Comparison of locally-acquired cases who had at least two primary care visits to single care provider and multiple care providers
Among locally-acquired cases with two or more visits, there was no significant difference between those who sought care from single and multiple care providers in their demographics: age (median 53 vs 48 years, p = 0.446), gender (62.1% vs 65.9% were males, p = 0.805) and nationality (86.2% vs 93.2% Singapore residents, p = 0.425) (Table 2). There were also no differences in timing of first visit, duration from symptom onset to admission and length of hospital stay. Cases who sought care from the same provider had fewer visits compared with those with different care providers (median 2 vs. 3, p = 0.001). A higher proportion of cases who saw multiple providers (61.4%) had at least three visits compared with those who saw a single provider (27.6%) (p = 0.008). In addition, 72.4% of the latter group had two visits prior to their hospital admission (Fig. 3). In contrast, those with multiple care providers had up to six visits.
Our study revealed differences in health-seeking behavior among subgroups of the initial COVID-19 cases in Singapore. Locally-acquired cases had significantly longer duration from symptom onset to hospital admission than imported cases (median 6 days vs. 4 days). Among those with at least one visit prior to admission, a higher percentage of locally-acquired cases had sought medical attention at the primary care level than imported cases (89.8% vs. 56.5%).
Imported cases were more likely to attend ED, bypassing primary care clinics completely (43.5% of imported cases vs 10.2% of locally-acquired cases attended ED directly without any clinic visits, p < 0.001), and those who attended clinics had fewer visits before being referred for further testing at the national screening centre or other EDs (6.2% of imported cases had at least three primary care visits prior to admission compared with 21.3% of locally-acquired cases) (Table 1). This observation could be due to two reasons: first, imported cases consisted mostly of Singapore international undergraduate students and foreigners working in Singapore, who were less likely to have a regular physician and with a raised perception of their infection risk, would attend ED directly or earlier in their patient journey; second, the heightened vigilance of primary care physicians towards this group. As the pandemic unfolded and more was known about the virus, Singapore Ministry of Health issued travel advisories and revised circulars circulated to doctors on suspect case definitions. Hence, the attitude of doctors would evolve accordingly with a lower threshold on testing patients deemed to be at increased risk of infection, which resulted in fewer visits by imported cases.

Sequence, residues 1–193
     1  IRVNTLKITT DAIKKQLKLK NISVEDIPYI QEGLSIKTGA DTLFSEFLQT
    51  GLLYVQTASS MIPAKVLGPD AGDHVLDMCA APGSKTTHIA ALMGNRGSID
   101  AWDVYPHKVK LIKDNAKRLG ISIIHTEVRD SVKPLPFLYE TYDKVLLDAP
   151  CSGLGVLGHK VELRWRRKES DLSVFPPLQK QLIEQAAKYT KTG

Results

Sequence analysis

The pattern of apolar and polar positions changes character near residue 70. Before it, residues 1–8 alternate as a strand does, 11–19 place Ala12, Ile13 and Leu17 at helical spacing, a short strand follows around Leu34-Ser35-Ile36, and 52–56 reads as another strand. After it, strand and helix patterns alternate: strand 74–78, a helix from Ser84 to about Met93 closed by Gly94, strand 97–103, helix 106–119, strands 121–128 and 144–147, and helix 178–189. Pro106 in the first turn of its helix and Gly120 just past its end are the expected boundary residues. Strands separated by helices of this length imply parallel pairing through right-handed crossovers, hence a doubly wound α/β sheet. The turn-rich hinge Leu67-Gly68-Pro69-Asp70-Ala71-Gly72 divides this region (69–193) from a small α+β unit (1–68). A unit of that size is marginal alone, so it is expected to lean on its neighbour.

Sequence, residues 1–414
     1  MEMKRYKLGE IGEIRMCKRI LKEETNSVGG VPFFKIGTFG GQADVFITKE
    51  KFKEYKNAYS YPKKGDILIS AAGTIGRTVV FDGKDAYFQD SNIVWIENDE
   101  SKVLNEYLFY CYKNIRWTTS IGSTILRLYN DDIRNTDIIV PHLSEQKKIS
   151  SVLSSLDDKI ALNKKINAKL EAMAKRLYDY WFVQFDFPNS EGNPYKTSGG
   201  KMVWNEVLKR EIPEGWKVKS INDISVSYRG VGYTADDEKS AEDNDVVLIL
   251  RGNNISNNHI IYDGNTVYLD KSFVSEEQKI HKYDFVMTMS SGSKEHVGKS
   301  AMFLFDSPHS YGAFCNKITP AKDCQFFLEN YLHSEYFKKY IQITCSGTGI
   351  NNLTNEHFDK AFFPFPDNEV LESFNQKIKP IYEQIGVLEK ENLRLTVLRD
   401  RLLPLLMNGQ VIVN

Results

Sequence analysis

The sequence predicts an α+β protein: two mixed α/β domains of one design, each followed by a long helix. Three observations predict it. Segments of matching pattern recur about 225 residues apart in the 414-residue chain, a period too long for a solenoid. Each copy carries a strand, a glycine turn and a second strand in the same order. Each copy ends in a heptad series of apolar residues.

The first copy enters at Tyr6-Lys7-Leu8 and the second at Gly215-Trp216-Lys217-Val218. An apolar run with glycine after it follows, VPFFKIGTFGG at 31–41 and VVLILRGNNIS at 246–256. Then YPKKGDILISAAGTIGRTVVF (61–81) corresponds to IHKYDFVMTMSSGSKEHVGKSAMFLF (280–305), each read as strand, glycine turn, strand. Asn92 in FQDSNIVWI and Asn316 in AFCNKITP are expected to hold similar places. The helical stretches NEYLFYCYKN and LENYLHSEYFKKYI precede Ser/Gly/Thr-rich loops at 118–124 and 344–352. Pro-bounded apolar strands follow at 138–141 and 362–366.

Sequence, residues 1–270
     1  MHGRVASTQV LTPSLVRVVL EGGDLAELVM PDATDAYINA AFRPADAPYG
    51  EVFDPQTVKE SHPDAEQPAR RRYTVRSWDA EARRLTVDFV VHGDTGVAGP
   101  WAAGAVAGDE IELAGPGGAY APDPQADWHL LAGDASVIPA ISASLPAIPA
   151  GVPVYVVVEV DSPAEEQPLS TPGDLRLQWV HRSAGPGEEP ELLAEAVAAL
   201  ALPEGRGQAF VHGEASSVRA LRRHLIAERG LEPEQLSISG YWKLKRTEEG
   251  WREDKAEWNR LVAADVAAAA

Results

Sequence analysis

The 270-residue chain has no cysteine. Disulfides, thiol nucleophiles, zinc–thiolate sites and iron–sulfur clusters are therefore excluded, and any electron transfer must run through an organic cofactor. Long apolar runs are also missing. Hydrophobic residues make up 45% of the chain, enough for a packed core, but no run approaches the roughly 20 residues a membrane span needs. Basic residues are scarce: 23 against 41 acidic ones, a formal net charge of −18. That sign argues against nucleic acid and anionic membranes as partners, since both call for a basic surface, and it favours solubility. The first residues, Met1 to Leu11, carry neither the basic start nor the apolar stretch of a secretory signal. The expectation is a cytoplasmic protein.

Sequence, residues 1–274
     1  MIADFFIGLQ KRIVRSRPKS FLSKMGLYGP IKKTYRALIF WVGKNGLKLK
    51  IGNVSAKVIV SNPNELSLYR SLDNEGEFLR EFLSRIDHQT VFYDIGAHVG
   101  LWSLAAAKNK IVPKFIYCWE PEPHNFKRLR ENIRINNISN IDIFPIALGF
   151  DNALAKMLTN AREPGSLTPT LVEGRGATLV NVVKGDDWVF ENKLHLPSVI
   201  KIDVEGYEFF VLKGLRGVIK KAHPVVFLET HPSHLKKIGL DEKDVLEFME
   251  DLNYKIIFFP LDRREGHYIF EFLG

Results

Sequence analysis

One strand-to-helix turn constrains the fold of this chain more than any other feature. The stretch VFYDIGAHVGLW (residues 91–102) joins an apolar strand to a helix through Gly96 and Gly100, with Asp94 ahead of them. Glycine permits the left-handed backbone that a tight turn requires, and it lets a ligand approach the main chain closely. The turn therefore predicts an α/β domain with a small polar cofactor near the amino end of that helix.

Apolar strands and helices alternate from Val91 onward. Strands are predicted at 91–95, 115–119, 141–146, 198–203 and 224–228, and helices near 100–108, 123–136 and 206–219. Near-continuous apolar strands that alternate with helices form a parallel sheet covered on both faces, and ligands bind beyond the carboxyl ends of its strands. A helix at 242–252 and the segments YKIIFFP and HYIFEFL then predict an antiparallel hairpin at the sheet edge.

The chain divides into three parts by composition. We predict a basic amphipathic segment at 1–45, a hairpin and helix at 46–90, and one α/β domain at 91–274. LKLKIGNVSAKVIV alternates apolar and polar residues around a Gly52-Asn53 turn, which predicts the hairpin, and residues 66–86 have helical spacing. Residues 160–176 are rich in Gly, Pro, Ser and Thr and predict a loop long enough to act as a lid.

In contrast, doctors’ perception of lower community transmission risk at that time resulted in locally-acquired cases being referred only after lack of clinical improvement despite repeated visits. Equally crucial is the patient’s personal cognizance and health literacy [15,16,17]. Locally-acquired cases might have attributed their symptoms to a common cold or gastroenteritis, resulting in delays lasting up to a month in seeking medical attention. While seemingly innocuous under normal circumstances, this could have devastating consequences in an outbreak situation.
Overall, Singapore residents were more likely to attend primary care clinics than non-residents (84.0% vs 58.7%). Fever, cough, sore throat and diarrhoea were common presenting symptoms of COVID-19 cases , routinely managed within the community by family physicians.
Among the subgroup of locally-acquired cases with at least two primary care visits who saw the same care provider (median of 2 visits), a smaller proportion (27.6%) had three or more visits before being referred and admitted, compared with 61.4% of those who saw different providers (median of 3 visits). Having no basis for comparison from previous visits, a different healthcare provider lacks pertinent information when formulating management plan for the patient, which typically leads to later diagnosis, isolation and treatment, and consequently increases transmission risk. Our results thus highlight the risk of seeking care from multiple care providers or “doctor shopping” within the same episode of illness [19,20,21].